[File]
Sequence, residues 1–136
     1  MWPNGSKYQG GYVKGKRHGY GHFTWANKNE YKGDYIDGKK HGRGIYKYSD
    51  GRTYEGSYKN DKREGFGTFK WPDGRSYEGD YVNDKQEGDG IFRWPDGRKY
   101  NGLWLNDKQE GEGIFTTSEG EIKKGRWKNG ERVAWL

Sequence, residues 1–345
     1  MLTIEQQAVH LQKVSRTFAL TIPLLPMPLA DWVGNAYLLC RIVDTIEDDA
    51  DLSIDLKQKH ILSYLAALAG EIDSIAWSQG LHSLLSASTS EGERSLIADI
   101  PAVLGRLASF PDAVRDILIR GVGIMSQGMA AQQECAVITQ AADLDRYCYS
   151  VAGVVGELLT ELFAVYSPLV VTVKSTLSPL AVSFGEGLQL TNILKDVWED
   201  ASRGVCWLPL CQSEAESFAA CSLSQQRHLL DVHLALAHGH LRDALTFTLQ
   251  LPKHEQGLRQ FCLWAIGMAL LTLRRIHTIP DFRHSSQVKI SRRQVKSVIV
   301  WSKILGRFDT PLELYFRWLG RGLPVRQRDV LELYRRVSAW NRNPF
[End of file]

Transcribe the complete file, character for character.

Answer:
Sequence, residues 1–136
     1  MWPNGSKYQG GYVKGKRHGY GHFTWANKNE YKGDYIDGKK HGRGIYKYSD
    51  GRTYEGSYKN DKREGFGTFK WPDGRSYEGD YVNDKQEGDG IFRWPDGRKY
   101  NGLWLNDKQE GEGIFTTSEG EIKKGRWKNG ERVAWL

Sequence, residues 1–345
     1  MLTIEQQAVH LQKVSRTFAL TIPLLPMPLA DWVGNAYLLC RIVDTIEDDA
    51  DLSIDLKQKH ILSYLAALAG EIDSIAWSQG LHSLLSASTS EGERSLIADI
   101  PAVLGRLASF PDAVRDILIR GVGIMSQGMA AQQECAVITQ AADLDRYCYS
   151  VAGVVGELLT ELFAVYSPLV VTVKSTLSPL AVSFGEGLQL TNILKDVWED
   201  ASRGVCWLPL CQSEAESFAA CSLSQQRHLL DVHLALAHGH LRDALTFTLQ
   251  LPKHEQGLRQ FCLWAIGMAL LTLRRIHTIP DFRHSSQVKI SRRQVKSVIV
   301  WSKILGRFDT PLELYFRWLG RGLPVRQRDV LELYRRVSAW NRNPF